A nationally-representative poll conducted by one of the most respected polling companies, SurveyUSA, showed that when asked, most Americans support the use of democratic lotteries to select our representatives—even at the highest levels of government.

This vision resonates across the political spectrum, with equal support from both liberals and conservatives, even more support from independents, and only a sliver of opposition in each camp. Check it out for yourself.

“Compared to having elected politicians in Congress, everyday Americans selected in a democratic lottery would be…”

Now you might be wondering...

This is a vision for lawmaking bodies at the local, state, and national level.

And although this vision principally applies city councils, state assemblies, and Congress, there are also calls to replace partisan primaries for executive positions—like mayor, governor, and president—with lottery-drawn Citizens’ Commissions. Instead of voters and campaigns, these representative and deliberative bodies of everyday citizens would field, vet, nominate, and possibly even select executive candidates.

From city councils to Congress, lawmaking bodies deal mostly with questions of morals, values, and priorities. How do we want to live together? How should we spend our hard-earned tax dollars? What kind of future do we want for our children?

Answering these questions requires a deep understanding of our communities and our country, and firsthand knowledge of the challenges we face. And when it requires expert knowledge about a specific issue, these citizens can call on expert testimony—just like elected politicians do. Experts can advise, but they shouldn't decide.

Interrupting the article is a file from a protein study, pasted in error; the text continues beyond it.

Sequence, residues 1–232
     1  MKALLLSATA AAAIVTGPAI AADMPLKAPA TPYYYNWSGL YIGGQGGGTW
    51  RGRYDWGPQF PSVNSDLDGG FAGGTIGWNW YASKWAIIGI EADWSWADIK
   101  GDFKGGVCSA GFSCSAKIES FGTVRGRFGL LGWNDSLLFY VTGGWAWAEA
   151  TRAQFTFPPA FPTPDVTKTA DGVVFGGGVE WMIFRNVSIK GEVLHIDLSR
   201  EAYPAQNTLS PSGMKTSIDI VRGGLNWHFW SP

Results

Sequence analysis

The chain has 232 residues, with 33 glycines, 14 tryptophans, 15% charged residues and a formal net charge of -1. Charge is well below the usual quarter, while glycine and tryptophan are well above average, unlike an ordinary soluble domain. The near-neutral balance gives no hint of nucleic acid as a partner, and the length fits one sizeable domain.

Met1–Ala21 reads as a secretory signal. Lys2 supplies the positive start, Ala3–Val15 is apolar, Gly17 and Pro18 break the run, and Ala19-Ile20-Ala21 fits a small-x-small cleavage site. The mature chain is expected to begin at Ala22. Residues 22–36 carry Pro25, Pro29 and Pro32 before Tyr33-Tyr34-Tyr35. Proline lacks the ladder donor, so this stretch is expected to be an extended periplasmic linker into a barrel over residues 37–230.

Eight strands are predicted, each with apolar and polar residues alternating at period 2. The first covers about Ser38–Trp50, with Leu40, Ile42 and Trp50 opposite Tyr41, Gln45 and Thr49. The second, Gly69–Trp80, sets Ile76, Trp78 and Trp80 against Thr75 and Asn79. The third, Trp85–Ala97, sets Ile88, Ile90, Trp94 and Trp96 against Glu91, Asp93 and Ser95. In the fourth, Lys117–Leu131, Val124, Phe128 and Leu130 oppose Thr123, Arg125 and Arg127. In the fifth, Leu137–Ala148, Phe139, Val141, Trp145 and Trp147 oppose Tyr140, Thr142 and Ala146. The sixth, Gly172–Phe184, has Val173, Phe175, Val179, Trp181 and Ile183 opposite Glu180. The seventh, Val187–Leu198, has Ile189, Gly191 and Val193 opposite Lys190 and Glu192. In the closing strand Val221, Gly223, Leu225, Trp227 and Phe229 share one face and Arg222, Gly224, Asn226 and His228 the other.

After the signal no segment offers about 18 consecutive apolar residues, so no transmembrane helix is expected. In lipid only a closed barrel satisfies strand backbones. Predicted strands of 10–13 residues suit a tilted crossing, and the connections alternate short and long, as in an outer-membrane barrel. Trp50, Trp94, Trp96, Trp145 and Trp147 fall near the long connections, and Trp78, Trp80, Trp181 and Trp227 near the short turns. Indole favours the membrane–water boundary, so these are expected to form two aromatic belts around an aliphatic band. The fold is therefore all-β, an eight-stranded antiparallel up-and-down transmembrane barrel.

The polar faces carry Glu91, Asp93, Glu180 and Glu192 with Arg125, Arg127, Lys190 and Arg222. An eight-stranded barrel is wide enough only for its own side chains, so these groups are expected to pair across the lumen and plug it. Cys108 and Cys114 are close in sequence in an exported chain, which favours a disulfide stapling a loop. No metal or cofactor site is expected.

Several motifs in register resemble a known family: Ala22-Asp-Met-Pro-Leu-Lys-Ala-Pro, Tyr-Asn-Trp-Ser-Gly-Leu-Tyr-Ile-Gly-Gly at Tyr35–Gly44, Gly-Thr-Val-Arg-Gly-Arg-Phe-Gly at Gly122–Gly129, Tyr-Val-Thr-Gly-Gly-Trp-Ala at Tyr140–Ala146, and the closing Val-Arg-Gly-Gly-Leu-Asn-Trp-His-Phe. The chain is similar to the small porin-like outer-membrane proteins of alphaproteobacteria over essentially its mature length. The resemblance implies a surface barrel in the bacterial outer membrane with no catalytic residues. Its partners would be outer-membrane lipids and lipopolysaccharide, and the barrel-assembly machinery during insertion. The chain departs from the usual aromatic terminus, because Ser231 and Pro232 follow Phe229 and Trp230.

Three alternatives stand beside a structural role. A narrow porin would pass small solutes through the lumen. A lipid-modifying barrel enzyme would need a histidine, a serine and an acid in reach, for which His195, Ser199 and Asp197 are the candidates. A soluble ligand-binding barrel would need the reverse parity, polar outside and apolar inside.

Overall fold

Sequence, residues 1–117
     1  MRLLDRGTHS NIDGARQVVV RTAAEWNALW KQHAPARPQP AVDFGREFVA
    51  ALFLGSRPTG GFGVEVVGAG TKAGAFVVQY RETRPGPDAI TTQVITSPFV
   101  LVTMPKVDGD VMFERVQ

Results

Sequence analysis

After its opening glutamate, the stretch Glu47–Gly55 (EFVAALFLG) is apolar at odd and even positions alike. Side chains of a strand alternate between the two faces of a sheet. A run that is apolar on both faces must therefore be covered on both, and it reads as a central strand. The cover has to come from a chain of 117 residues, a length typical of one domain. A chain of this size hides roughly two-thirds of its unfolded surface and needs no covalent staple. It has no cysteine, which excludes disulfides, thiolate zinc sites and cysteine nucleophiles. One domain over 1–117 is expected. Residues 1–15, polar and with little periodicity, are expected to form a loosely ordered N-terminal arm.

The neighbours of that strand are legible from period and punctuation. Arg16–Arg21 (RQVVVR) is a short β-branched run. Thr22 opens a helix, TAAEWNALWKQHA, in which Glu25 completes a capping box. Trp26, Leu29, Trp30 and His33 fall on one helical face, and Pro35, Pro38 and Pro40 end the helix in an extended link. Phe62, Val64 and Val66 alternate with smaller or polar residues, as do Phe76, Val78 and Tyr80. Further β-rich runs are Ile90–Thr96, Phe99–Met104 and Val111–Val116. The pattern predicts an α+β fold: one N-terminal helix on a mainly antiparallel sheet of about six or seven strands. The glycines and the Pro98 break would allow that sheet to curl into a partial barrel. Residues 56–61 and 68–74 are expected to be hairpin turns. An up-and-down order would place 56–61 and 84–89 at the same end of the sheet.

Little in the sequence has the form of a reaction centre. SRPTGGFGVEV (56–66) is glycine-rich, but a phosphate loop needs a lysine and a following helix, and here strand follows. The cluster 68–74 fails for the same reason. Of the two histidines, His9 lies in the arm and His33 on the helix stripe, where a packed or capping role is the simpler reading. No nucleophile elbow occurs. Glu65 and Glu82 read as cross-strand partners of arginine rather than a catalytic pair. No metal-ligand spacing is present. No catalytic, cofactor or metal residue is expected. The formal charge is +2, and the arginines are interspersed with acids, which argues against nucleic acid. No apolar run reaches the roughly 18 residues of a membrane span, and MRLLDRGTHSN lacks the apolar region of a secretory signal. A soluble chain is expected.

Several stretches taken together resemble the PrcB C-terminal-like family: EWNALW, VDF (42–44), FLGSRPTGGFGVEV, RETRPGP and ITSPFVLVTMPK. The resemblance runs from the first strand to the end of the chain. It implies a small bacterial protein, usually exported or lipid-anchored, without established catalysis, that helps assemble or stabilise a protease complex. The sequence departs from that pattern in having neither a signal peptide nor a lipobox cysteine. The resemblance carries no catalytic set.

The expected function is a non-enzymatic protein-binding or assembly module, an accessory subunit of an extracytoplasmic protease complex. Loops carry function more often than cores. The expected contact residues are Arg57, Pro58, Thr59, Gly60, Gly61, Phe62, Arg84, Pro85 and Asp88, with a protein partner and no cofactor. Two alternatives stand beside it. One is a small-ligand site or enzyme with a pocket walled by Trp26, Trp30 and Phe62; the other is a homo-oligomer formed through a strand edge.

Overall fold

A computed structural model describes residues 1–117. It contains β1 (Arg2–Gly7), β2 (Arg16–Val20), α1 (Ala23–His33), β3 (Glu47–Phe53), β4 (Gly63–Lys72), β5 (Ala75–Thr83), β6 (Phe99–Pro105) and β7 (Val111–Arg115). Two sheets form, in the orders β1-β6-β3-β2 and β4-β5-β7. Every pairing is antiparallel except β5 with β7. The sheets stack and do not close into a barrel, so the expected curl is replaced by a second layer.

The people who live like us and share the same hopes, dreams, and concerns as us are the ones who are most qualified to truly represent us.

And when it comes to executing policy and running government day-to-day, we do need professional administrators, but there are also promising ways to use lotteries to take parties and politicking out of the selection of mayors, governors, and the president.

Democratic lotteries use proven polling techniques that track the census and the most accurate projections to guide the selection of those picked. This ensures accurate representation across age, gender, geography, income, and ethnicity. It creates a true portrait of the population.